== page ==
While many school districts might have razed such an old building, a high-technology retrofit innovation not only saved a worthy old structure but also saved this Pennsylvania school district millions that would have been needed for a new building.
The Governor Mifflin Intermediate School's pool HVAC retrofit was a tough task for both engineers and contractors because 19,800 cfm of ventilation was needed, but there was no place to put the equipment.

Typically, packaged rooftop dehumidifiers are specified for such projects. However, rooftop equipment was out of the question because the decades-old pool's "double T," all-concrete roof design could not be opened up for ductwork drops; cutting any reinforcement bars would weaken the structure. No interior mechanical room space was available, and while the Shillington, PA campus was spacious, ducting from an outdoor unit (including a vandalism-proof enclosure for it) was cost prohibitive as well.

The school board relied on the 37-year experience of veteran consulting engineer, Robert Swoyer, Sr., P.E., president of R.A. Swoyer Associates (Reading, PA); mechanical contractor, Shannon A. Smith Mechanical/Electrical (Myerstown, PA); and Dectron Inc., to arrive at a solution that would stay within the retrofit's $400,000 budget while still providing the 13,000-sq-ft pool with its first true dehumidification system.

All In One

Previously, the natatorium ventilation relied on two air conditioners and two AHUs that basically heated or cooled outside air and exhausted humidity. Indoor air comfort suffered during high humidity summertime temperatures, according to Swoyer. Those units, which were part of a retrofit project prior to modern packaged dehumidifier technology in the early 1980s, were perched in three chases hanging from the ceiling.

Instead of one or two large packaged units that would challenge space provisions, Swoyer's specified six smaller 3,300-cfm Dectron Dry-O-Tron® DS-40 dehumidifiers customized for the existing chases. The dehumidifiers' heat recovery feature heats the pool water to 82°F, all while simultaneously dehumidifying the space, and heating and/or cooling it to 83°.

"Because the previous units did not heat the pool water through heat recovery, the school district stands to save significantly on operating costs while improving IAQ," Swoyer said. New piping with booster pumps was needed to connect the dehumidifiers with the pool's circulation system.

Dealing with the roof and avoiding the severing of any reinforcement bar was a critical issue. After testing the concrete deck for strength and deterioration, a rod and angle iron system was designed to support each unit without damaging the reinforcement bar network. Subsequently, four rods per unit go through the roof and a 1-sq-ft steel plate per rod helps spread the load bearing weight distribution of each unit. Shannon A. Smith Mechanical/Electrical installed the hanging system and drilled all holes after pinpointing critical reinforcement bar points in the roof with original blueprints and a metal detector.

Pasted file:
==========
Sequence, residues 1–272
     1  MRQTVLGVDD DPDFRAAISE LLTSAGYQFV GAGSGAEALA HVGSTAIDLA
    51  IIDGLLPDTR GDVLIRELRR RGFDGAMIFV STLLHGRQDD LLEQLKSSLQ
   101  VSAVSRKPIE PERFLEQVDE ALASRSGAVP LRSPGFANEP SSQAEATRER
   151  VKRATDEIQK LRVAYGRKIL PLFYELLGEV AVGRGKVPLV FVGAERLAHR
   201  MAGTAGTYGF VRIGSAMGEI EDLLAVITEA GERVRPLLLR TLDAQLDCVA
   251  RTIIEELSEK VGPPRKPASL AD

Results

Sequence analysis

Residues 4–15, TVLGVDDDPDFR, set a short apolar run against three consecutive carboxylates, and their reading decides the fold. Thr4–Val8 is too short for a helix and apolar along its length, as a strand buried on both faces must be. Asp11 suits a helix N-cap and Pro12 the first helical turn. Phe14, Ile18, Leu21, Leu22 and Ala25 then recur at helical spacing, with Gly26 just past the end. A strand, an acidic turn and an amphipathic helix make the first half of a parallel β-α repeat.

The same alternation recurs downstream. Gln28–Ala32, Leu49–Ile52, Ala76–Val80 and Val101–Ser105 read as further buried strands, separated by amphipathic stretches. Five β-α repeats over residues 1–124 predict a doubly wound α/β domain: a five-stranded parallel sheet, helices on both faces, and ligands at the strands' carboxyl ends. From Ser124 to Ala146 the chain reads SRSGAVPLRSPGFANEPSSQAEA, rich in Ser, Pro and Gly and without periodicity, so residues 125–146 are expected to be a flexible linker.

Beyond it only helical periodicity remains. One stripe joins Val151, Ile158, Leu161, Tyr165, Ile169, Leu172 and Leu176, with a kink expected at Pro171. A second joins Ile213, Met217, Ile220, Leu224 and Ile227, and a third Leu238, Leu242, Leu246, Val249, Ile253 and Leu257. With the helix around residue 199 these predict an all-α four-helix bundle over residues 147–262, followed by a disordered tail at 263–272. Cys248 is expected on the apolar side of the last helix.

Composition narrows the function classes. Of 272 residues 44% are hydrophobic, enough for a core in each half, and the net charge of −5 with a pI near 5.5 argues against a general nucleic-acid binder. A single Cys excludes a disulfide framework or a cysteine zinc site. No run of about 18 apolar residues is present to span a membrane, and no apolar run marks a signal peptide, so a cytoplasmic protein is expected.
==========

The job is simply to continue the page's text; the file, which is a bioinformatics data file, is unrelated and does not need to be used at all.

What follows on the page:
The money saving advantage for Swoyer's choice is the fact little sheet metal work was needed to connect the new dehumidifiers to the natatorium's existing ductwork - six 34-ft long runs of 48-by-16-in. duct that transitions into 48-by-10-in. duct. "The school saved thousands of dollars in time and materials by reusing the existing ductwork versus installing new ductwork," said Swoyer.

More Maintenance, But Increased Redundancy

Another advantage is the redundancy six units offer over one or two units. The disadvantages are few, except for the fact the school district must perform routine maintenance on six units as opposed to one or two. Luckily, the school already owns a lift machine to gain access to the 25-ft-high units. Also addressing accessibility was Swoyer's locating of each unit's HT-800 microprocessor-based monitor/controller located remotely in a secure concrete room below the grandstands. The controllers are interfaced with the school's existing BAS.

Instrumental in the design modifications was Chuck Durback, marketing representative for manufacturer's representative and equipment service firm, Metz Company, who acted as a liaison with Dectron's engineers. One important modification was hinged service access doors that couldn't fall from the units' lofty positions during servicing. Secondly, outside intake plenums were custom-made, with low profiles to accommodate low clearances in the chases.

Outside air of 1,100-cfm per unit is supplied by one outdoor access and delivered to three interior mixing boxes that each supply two units. Readjusted existing relief dampers handle the exhaust.

With the units in the room, Swoyer was careful to specify sound absorbers, which cut operating noise levels during classes and competitions. While many school districts might have razed such an old structure, Swoyer's high-technology retrofit innovation not only saved a worthy old structure, but also saved the school district millions that would have been used for a new building. ES